Switching from Kindle to Kobo

On the left: new Kobo – On the right: Old Kindle

My Old Kindles

After using Kindle e-readers and Goodreads for 9+ years, I decided to move away from Amazon’s e-book empire. I’ve had 2 Kindles in my life: the 6” 4th Generation (2012) and the 6” Kindle Paperwhite 1 – 5th Generation (2013). At the time I got my first Kindle, back in Brazil, there weren’t too many options available. I wanted to read books in English and Amazon was the only service I could access back then. Amazon was convenient.

At some point along the way, I heard about Rakuten Kobo, a Canadian e-reader/e-books focused company (now also owned by a Japanese group). There was also Barnes and Noble with their Nooks and even a Brazilian publisher with their locally produced e-readers. But the access to the huge Amazon’s e-books catalog was unrivaled back then. My Kindle Paperwhite worked fine throughout all those years. Sometimes it froze, true, but nothing that a soft (and long) reset couldn’t solve. I tend to use my devices (be it e-readers or mobile phones) up until they become useless due to lack of support or just stop working. There are some exceptions in which I just want a better device.

My first 2 Kindles (Left: 4th Generation 2012 | Right: Paperwhite 1 – 5th Generation 2013)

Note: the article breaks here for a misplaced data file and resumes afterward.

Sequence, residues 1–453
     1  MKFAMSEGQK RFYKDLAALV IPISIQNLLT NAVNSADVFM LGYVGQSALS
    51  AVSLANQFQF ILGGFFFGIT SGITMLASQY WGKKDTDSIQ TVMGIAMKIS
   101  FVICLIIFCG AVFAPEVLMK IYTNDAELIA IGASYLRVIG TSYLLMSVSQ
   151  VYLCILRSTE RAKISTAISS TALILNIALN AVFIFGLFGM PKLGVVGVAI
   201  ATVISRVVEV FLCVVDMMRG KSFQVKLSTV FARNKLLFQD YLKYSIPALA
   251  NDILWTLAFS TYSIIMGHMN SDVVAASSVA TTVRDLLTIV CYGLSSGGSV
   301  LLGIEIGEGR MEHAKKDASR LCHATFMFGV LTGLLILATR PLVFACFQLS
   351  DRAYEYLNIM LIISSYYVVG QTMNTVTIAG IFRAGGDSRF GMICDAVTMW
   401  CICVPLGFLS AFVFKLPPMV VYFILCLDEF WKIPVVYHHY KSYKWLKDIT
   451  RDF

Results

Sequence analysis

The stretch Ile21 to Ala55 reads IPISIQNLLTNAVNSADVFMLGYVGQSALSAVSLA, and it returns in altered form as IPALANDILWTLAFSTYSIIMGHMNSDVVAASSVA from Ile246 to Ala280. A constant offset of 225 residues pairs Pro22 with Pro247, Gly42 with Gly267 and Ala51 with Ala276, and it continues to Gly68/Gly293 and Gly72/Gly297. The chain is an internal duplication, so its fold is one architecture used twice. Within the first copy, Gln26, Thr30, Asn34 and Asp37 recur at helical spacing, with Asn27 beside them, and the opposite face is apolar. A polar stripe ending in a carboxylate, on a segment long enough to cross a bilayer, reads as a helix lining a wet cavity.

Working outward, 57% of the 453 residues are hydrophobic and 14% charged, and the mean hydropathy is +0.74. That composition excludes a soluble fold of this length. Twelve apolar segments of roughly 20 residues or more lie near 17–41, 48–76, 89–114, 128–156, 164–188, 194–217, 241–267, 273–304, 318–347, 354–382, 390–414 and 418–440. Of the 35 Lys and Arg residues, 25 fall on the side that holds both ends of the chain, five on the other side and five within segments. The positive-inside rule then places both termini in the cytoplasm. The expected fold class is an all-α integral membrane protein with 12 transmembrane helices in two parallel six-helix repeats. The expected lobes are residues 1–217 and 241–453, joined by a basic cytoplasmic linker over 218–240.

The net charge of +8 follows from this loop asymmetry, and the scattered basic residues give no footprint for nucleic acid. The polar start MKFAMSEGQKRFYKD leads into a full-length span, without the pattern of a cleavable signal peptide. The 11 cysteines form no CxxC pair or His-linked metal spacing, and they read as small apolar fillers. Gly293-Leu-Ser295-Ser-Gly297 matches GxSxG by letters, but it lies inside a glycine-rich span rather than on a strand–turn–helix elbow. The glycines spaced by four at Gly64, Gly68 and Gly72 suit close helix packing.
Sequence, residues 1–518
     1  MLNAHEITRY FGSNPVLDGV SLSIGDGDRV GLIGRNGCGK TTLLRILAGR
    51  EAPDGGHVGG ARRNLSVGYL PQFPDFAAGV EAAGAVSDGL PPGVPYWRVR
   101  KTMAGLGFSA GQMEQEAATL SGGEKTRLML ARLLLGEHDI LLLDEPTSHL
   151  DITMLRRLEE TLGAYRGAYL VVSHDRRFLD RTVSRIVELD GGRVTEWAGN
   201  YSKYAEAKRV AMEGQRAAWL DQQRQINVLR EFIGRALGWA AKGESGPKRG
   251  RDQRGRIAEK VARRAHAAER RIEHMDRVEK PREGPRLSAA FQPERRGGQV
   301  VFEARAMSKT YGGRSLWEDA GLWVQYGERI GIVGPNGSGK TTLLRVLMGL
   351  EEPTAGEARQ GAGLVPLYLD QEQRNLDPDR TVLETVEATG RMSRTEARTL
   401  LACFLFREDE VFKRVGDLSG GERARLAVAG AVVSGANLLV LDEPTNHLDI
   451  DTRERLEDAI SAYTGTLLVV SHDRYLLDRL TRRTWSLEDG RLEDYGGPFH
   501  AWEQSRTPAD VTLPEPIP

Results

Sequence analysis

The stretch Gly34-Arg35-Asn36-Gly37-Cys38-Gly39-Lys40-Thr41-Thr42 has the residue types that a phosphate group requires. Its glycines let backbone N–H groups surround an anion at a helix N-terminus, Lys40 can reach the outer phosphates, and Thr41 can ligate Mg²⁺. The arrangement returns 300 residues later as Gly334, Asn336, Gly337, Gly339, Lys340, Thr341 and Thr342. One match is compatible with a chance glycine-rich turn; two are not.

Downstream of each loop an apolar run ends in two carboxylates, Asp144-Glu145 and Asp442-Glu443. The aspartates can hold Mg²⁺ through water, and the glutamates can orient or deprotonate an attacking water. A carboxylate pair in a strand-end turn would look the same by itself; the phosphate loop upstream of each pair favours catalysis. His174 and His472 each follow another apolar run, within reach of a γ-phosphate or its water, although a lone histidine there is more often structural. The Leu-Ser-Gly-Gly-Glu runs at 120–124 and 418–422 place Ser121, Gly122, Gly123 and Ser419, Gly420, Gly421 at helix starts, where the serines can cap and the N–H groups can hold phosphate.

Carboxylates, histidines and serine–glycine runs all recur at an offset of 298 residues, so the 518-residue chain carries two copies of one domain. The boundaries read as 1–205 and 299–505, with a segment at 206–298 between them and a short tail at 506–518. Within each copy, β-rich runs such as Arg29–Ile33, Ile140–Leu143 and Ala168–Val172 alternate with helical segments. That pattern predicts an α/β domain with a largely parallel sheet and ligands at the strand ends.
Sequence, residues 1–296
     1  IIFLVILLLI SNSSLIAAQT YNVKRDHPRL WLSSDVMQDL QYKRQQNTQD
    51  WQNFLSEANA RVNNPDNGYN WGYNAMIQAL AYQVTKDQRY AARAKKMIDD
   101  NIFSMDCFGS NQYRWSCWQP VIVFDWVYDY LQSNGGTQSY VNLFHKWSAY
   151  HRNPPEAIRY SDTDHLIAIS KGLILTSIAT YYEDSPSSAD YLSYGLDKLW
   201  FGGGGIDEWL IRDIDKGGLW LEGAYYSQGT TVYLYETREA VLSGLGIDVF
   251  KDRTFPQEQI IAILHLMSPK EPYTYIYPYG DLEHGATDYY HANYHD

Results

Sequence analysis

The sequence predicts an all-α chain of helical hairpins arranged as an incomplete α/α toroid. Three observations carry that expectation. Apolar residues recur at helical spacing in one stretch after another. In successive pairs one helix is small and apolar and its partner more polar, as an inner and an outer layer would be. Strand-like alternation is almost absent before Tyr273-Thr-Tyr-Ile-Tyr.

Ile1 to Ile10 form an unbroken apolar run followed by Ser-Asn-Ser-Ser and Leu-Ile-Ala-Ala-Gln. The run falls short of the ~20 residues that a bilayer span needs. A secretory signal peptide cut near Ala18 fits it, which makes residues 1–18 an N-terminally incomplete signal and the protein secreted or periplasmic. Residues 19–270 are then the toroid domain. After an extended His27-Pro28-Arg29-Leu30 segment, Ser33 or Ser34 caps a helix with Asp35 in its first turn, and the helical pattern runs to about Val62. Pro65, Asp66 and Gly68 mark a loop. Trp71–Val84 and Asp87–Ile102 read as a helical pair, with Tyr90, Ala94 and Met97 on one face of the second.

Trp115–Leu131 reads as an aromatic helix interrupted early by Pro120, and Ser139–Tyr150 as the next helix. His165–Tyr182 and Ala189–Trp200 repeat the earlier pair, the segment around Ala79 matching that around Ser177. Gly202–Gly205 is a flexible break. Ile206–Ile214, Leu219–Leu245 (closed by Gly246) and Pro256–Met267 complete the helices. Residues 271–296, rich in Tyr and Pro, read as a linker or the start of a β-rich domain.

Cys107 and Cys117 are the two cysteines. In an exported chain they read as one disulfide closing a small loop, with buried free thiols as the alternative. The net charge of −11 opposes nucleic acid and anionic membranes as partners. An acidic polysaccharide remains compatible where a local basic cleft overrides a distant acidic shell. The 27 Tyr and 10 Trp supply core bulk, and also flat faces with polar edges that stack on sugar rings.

Over the years I grew leerier and leerier of Amazon’s power and influence. Not to mention the accounts of their underpaid and over-exploited employees. Since my Kindle was almost 10 years old and it started to lag more than usual, I finally made the jump out of Amazon’s grasp.

Kobo Libra H20

I got the Kobo Libra H20 and I’ve been using it for over a month now. These are the main reasons I’m enjoying it:

Battered old Kindle and the new Kobo side by side

I also got Kobo’s sleep cover which can be folded and act as a kickstand. I love it when I’m reading during breakfast or lunch breaks while I’m seated.

I’m getting most of my books from the Public Library now. It’s a precious resource that I have overlooked for years!

Not all the books are available at the Library, of course. For those, I’ve been exploring the Kobo store and there are really good deals. There’s a rewards points system, too, so it pays to buy there.

A few months ago the ladies from the Reading Glasses Podcast published an interview with Kobo’s CEO Michael Tamblyn and that influenced me to choose the Kobo Libra H20 over the other models. It just seemed right.

Since reading is my favorite downtime/leisure activity, having a device I truly enjoy makes my day! 😎

Final Note

After I switched to Kobo, I went back to my digital Amazon library and backed up everything. I counted 316 e-books. Unfortunately, these books are all tied to Amazon’s proprietary format (.MOBI or .AZW) and they can only be read on Kindle devices. Those 316 books are locked to Amazon’s system. (There are ways to “unlock” them, but I won’t get into that here).

Unlike Amazon, Kobo makes it easy to download e-books to whatever device you own. The opposite is also true: Kobo devices accept various formats.

So, public library access + non-proprietary formats + good device = 💙

#Books #Reading #Kobo #Kindle #ereader

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By Noisy Deadlines Minimalist in progress, nerdy, introvert, skeptic. I don't leave without my e-reader.